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Is a College Degree a Thing of Real Value?

 
 
maxdancona
 
  1  
Reply Sun 17 Dec, 2017 01:35 pm
@maxdancona,
I think the problem is that many people want to skip the process of becoming educated. They want to just magically be "educated" without having to do the work.

The problem is that you can't become educated by working. When you are working, you are a specific environment with a specific set of tasks. You will learn what you need to learn, but learning tasks isn't education.

Good University programs are set up to give a broad education. Students study core subjects, such as math, and logic, and literature in way that gives them a broad understanding. This is not the specific understanding that you encounter on a workplace. In a workplace you interact with your boss (whose purpose is to get a certain type of work out of you) and co-workers (who are chosen by the boss for a specific goal). This is not anything like interacting with professors and the diverse peers you will encounter in a college setting.

It is possible that someone who had broad interests in many subjects, could seek out experts in the field, force himself to read books on many topics (even on topics that didn't jump out at him), have discussions with an open mind with like minded peers, get lab time to do experiments, and solve math problems in Calculus and Group theory on his own.

But if someone had this temperament... I can't think of a good reason that they wouldn't just go to one of the top colleges where all of this is already set up and the professors and peers are already available.

You don't just magically become educated. Education is a process.
0 Replies
 
Finn dAbuzz
 
  0  
Reply Sun 17 Dec, 2017 02:39 pm
@maxdancona,
Quote:
You don't go to college to get a degree. You go to get an education.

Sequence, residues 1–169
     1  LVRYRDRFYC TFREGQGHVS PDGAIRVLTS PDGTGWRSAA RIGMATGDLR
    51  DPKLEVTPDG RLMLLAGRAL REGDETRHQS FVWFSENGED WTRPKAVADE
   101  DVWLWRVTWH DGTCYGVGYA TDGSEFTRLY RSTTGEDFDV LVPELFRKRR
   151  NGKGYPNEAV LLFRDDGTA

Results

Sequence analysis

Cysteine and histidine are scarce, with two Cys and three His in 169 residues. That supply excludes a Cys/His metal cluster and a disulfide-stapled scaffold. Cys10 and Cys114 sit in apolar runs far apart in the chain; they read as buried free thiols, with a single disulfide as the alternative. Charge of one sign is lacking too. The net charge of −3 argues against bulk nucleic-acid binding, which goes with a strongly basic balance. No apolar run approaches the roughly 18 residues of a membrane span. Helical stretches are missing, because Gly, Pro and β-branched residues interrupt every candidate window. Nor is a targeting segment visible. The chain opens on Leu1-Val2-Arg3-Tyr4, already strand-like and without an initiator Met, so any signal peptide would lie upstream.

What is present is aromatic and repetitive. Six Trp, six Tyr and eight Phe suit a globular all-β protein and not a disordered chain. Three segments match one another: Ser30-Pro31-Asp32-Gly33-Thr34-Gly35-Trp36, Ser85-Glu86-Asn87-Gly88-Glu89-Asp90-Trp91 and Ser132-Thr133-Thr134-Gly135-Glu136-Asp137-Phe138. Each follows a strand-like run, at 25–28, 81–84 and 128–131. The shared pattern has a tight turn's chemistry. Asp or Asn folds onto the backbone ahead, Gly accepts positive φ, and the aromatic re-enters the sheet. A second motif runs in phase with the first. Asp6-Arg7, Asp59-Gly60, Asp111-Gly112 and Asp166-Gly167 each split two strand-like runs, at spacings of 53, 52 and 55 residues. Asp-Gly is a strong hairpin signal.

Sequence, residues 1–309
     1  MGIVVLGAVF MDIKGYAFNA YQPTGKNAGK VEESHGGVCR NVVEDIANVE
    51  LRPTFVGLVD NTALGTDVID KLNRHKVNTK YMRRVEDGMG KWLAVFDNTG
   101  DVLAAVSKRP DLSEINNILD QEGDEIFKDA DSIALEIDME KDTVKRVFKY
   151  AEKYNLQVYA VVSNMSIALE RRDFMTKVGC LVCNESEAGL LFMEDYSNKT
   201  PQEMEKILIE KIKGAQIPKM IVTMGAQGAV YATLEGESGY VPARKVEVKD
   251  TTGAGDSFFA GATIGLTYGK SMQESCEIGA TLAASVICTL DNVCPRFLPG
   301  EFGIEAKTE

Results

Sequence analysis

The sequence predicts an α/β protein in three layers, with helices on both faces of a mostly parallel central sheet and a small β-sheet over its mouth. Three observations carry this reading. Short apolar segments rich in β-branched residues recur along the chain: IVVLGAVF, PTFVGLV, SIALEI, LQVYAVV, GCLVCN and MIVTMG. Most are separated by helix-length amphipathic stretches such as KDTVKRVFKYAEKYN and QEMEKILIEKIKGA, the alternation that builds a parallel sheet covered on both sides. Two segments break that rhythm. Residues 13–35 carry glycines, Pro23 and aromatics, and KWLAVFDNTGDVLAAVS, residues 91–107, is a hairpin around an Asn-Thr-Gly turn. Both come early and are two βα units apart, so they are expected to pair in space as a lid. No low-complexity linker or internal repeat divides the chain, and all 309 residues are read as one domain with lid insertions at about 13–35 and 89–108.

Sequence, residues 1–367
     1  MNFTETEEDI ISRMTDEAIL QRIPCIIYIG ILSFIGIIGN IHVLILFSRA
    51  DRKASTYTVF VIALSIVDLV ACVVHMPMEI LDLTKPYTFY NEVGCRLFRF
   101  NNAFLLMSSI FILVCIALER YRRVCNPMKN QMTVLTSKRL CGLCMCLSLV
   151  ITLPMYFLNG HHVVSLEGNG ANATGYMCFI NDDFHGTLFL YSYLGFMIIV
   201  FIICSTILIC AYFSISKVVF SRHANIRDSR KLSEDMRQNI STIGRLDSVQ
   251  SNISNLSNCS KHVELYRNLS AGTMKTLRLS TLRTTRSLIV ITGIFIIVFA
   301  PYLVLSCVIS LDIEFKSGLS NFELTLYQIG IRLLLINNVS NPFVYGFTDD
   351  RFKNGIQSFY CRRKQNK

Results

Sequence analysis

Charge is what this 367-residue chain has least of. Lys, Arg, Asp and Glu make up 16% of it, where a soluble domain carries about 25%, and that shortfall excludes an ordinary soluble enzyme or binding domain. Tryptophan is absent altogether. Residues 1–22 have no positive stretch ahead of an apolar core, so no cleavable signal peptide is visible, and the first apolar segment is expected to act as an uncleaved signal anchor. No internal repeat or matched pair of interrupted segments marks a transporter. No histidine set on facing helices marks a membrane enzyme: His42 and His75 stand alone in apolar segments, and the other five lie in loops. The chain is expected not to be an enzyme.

This isn't true in the vast majority of cases. It wasn't true in your case when you returned to school.

I guarantee you that most people would say that someone who attends all of his or her classes for four straight years and applies themselves fully to learning has still failed if for some reason they didn't come away with a degree. Most companies require a degree, not an education. If they did, in fact, require the latter there would be a lot more of them requiring that applicants demonstrate their education by passing a comprehensive test, not just showing them a sheepskin.

Making education accessible to everyone who wants to be educated is a very worthy societal goal. It's not met by making college accessible to everyone who wants to attend. That is where the reform comes in.

The secondary education market is a multi-billion dollar industry and the unit of trade is the degree. If degrees weren't so heavily relied upon as a job qualifier there would be a lot fewer people taking on crushing debt to obtain them. The quality of secondary education, as well as the college experience, is declining while the cost continues to increase.

If education is so important to the prosperity of nations and individuals (and it is) the means of obtaining it can't continue to be such a financial burden and barrier and has to improve in terms of what it delivers.

You've more than once made the point that college teaches people how to communicate in written and verbal formats. I'm sure not seeing that and the data doesn't reflect it. How does a kid come out of college with a degree, but still be unable to compose a coherent business letter or report? Why are corporations providing remedial writing training to their college-educated employees? I require every applicant who makes the first cut to write several business letters for my consideration. The quality of some of these letters are stunningly poor, and these are people who have been writing them for years as part of their job.

When I worked at a very large international corporation, I had a few intern slots in my division. It was good for me because they were positions I didn't have to budget and fight for, and it was good for the company because it was a feature of their community relations program: All of the interns were graduates of State colleges and universities. The applicants were students who had majored in the field of our industry. One of the most difficult tasks I had was to find applicants who I felt met the minimum standards expected of an intern. It was depressing. We always managed to find qualified candidates but not before reviewing and interviewing a great many of them. I don't know how most of them graduated with degrees and I find it very hard to believe that they succeeded in the field, once they got a job somewhere else.